Despite mounting pressure, hospital administrators hardly ever admit to making mistakes that can result in death.
In this case, the hospital has issued five death certificates, all with different explanations on what happened to Valerie Prowd.
More people die in our hospitals every year as a result of medical mistakes, than on our roads.More stories from Today Tonight
Issued with five death certificates, all with different explanations on how his wife died, Ray Prowd is still no closer to finding out what caused her death.
Ray doesn't know how or why his wife of 27 years was taken away from him.
“You don't die of broken legs. That’s what everyone's telling me,” he said.
In 2005, Valerie Prowd, a 63-year old grandmother, known as Suzie to her friends, was rushed to Nambour Hospital on Queensland's Sunshine Coast for surgery on a broken leg. Seventeen days later she died.
However it was not from a broken leg, but rather from Chronic Obstructive Airways Disease. Or at least that's what the first death certificate said.
Then on the second death certificate a fall was added, and on the next death certificate Atelectasis, or collapsed lung and immobility was added. On the fourth a draft Emphysema was added, and finally on the fifth the original cause of death from certificate one - Chronic Obstructive Airways Disease - was removed.
Seven years on Ray says he still doesn't know what killed his wife. “It’s criminal. This should be looked at straight away by police or by the coroner.”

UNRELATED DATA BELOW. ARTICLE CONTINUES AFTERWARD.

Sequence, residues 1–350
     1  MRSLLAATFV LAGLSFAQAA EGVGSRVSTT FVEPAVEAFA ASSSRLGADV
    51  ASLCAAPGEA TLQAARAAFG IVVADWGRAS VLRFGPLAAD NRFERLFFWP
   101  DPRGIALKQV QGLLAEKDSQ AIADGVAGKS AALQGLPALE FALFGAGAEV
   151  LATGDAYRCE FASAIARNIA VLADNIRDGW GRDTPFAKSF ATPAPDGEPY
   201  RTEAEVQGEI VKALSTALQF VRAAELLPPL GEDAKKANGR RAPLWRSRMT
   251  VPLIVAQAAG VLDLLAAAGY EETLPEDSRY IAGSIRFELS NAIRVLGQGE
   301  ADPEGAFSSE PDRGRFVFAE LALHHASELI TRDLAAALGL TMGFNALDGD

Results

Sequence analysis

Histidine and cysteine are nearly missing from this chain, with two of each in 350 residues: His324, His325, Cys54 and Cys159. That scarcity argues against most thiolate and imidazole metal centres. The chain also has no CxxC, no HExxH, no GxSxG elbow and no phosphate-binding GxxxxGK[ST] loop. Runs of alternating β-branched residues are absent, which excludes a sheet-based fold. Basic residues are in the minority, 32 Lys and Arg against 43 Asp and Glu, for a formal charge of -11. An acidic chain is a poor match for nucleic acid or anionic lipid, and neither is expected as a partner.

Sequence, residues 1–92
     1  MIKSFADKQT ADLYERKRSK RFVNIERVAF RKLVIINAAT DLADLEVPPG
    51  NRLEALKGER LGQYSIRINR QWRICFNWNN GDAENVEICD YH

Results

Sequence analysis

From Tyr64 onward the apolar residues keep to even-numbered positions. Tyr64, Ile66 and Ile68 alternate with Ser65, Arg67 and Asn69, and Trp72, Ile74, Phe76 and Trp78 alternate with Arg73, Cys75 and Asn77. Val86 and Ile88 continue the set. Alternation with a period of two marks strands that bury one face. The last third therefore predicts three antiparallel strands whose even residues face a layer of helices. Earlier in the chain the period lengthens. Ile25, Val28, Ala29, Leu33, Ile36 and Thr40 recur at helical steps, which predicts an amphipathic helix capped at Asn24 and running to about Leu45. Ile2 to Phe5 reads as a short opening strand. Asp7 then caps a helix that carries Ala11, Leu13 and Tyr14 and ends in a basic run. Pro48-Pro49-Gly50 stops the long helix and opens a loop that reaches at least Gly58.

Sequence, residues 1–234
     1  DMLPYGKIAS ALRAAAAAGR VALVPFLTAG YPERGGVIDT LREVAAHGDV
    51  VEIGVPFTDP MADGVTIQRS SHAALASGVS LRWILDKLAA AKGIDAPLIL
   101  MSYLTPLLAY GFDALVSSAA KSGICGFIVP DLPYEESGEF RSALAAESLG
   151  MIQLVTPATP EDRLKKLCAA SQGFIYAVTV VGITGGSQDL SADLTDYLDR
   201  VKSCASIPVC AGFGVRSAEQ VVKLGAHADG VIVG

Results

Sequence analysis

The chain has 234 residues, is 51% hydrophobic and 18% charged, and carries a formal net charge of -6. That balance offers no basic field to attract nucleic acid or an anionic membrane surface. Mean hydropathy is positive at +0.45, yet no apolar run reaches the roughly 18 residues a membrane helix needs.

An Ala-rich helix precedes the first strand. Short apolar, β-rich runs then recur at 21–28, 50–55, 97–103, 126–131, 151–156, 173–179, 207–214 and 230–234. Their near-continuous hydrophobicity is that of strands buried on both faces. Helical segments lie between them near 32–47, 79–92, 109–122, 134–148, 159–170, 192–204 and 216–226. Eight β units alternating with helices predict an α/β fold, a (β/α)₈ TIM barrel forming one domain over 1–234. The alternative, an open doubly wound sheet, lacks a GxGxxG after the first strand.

Lorraine Long from the Medical Error Action Group says it’s most likely not ‘what’ killed Ray's wife, BUT rather ‘who’, as this sounds like a classic case of medical negligence.
According to Long, this is now our leading cause of harm or death.
“Medical procedures are not guaranteed. There is a risk to all of them,” she said.
She says while figures are outdated, in 1995 a report found 18,000 patients die every year due to medical negligence, and a further 330,000 are being harmed. Long believes these are conservative estimates.
Each week MEAG is inundated with calls about all kinds of medical errors, incorrect diagnoses, incorrect medicine dosages, equipment sterilisation failures, and even surgery on the wrong patients.
“Their idea is secrecy first. Safety comes later, if it comes at all,” Long said.
She says the Prowds’ case bears a striking similarity to her mother’s who, despite having breathing problems, was given the opiate drug Endone and died.
The Victorian Coroner found doctors gave June an incorrect dosage of Endone.
Ray believes the same mistake killed his wife, who suffered from emphysema, and was given Endone when she shouldn't have been.
“Endone is a drug that you do not give to patients with head injuries or respiratory problems. That is a fact you and I can find by Googling,” he said.
The death of sixteen-year-old girl Vanessa Anderson in New South Wales due to Endone in 2005 sparked an inquiry into the use of the drug and hospital procedures.
139 recommendations were made, but despite this more than six years on Vanessa's father Warren believes not enough has been learnt from his daughter's death and the mistakes made.
Ray says that's exactly how he feels. Nothing's clear even seven years on.
Long says this case has been handled poorly, and after their own investigation believes Ray's wife's medical file has been tampered with.
Rhey will now take up Ray's battle and urge the Queensland coroner to finally look into his wife's death.This reporter is on Twitter at @AdamMarshallTT
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